Investment of £59m in Norwich transport schemes confirmed

Norwich residents will see major improvements to walking, cycling and public transport, following confirmation of funding from Central Government today.

Norfolk County Council has received formal confirmation from the Department of Transport (DfT) that a joint bid with the city council and district authorities of Broadland and South Norfolk has been accepted, triggering a combined investment in local infrastructure totalling £59m.

DfT has confirmed Norfolk County Council will receive £32 million from the Transforming Cities Fund.

The funding will deliver vital infrastructure improvements to improve travel times for bus passengers on the most popular transit routes, giving city bus operator, First Eastern Counties, confidence to invest a further £18m in its fleet and local services.

All projects will be delivered through the Transport for Norwich partnership, with an additional £9m being allocated from local council and private contributions.

Cllr Martin Wilby, Norfolk County Council’s cabinet member for highways, infrastructure and transport and chair of the transforming cities joint committee said: “I am delighted we’ve been able to secure this vital investment at such a crucial time for both the economy and the future of transport in the city.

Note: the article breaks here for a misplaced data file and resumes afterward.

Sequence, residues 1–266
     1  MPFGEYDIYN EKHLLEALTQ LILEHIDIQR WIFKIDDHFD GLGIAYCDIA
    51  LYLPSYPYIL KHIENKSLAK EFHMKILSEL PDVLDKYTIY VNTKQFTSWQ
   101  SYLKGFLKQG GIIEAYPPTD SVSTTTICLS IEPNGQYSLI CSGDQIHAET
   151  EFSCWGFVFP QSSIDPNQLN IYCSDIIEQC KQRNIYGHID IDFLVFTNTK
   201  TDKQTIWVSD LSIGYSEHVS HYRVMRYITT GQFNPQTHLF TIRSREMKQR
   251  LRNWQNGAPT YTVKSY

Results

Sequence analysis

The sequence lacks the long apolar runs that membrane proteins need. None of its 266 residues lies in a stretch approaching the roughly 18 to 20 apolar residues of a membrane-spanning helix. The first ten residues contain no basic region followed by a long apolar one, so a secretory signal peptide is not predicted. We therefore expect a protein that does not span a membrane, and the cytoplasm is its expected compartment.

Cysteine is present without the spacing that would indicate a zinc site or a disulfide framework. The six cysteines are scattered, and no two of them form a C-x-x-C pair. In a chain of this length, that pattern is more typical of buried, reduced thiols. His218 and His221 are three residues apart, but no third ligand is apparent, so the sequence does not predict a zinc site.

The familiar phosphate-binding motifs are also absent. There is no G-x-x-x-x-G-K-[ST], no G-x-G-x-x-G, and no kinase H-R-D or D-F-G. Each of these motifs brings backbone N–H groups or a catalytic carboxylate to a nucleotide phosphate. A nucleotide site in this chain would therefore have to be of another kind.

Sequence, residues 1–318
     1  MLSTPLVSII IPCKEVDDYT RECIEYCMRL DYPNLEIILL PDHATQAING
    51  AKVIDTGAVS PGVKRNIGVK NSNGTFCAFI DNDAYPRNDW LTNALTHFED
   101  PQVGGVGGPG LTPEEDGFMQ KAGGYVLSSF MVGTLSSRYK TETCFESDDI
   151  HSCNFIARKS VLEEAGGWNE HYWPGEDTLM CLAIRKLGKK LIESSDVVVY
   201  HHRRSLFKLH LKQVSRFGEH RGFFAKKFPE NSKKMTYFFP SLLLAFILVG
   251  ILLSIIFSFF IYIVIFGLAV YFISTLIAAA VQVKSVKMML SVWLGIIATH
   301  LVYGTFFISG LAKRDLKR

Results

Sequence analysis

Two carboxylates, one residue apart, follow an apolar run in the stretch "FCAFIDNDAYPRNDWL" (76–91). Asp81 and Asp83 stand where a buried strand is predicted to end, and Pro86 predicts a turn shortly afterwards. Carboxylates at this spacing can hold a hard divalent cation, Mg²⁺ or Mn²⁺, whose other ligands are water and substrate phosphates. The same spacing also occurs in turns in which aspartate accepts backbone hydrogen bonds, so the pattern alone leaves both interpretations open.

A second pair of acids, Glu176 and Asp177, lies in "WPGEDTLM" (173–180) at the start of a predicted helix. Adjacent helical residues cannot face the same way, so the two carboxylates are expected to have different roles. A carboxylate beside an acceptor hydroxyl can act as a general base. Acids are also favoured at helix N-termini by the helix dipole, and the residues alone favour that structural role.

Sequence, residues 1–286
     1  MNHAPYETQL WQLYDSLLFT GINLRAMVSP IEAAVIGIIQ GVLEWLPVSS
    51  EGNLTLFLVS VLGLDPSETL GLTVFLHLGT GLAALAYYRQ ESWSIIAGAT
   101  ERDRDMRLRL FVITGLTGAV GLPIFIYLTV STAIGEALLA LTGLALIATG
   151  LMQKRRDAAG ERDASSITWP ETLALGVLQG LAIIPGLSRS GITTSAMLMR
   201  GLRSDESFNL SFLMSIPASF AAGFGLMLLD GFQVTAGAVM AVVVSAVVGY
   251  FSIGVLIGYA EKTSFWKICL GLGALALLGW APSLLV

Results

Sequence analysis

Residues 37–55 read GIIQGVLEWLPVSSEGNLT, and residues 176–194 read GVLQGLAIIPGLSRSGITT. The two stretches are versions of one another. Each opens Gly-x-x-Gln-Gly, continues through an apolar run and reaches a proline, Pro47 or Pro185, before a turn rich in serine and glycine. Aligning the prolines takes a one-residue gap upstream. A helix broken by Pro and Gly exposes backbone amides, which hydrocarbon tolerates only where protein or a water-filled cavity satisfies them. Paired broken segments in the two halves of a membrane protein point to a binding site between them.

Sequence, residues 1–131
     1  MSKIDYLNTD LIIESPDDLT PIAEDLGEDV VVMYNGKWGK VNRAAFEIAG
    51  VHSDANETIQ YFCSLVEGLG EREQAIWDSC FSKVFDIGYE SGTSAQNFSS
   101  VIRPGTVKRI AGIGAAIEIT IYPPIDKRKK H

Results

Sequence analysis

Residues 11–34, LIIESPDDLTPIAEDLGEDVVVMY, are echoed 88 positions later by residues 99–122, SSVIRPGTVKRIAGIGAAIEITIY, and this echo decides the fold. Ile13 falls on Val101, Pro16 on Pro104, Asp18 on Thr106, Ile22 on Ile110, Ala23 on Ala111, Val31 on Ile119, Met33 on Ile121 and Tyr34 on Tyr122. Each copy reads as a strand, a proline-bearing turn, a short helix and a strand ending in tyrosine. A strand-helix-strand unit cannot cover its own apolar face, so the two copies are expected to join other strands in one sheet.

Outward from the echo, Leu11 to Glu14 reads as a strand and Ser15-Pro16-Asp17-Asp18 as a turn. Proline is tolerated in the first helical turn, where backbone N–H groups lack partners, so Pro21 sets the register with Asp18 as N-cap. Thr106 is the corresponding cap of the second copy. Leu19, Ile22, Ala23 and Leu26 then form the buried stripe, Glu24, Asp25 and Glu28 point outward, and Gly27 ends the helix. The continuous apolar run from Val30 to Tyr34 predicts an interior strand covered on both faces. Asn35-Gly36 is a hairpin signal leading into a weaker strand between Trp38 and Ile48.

“Retaining First Eastern Counties’ commitment to Norwich has been central to the partnership approach taken in developing our proposals. I am confident all of the projects we are now able to progress will deliver real benefit in terms of health, employment and the environment for years to come.”

Chris Starkie, chief executive of New Anglia Local Enterprise Partnership, said: “Improvements to our transport infrastructure will open up job opportunities, access to training and help businesses thrive. The confirmation that this bid has been accepted is fantastic news, not only for Greater Norwich’s economy, but its environment and the region’s wider ambitions for clean growth.”

Projects earmarked for early delivery include improvements to Tombland which are already underway, a new bus and cycle contraflow on Thorpe Road and a major remodelling of St Stephens Street, for which details of a public consultation will be published tomorrow.

The £32m funding award from Government means that proposals for a new bus interchange at Norfolk and Norwich University Hospital, a redesign of the Heartsease roundabout and improvements to cycle and pedestrian crossing facilities on Boundary Road will also be able to move forward.

You can view full details of all projects covered by the fund at www.norfolk.gov.uk/transformingcities

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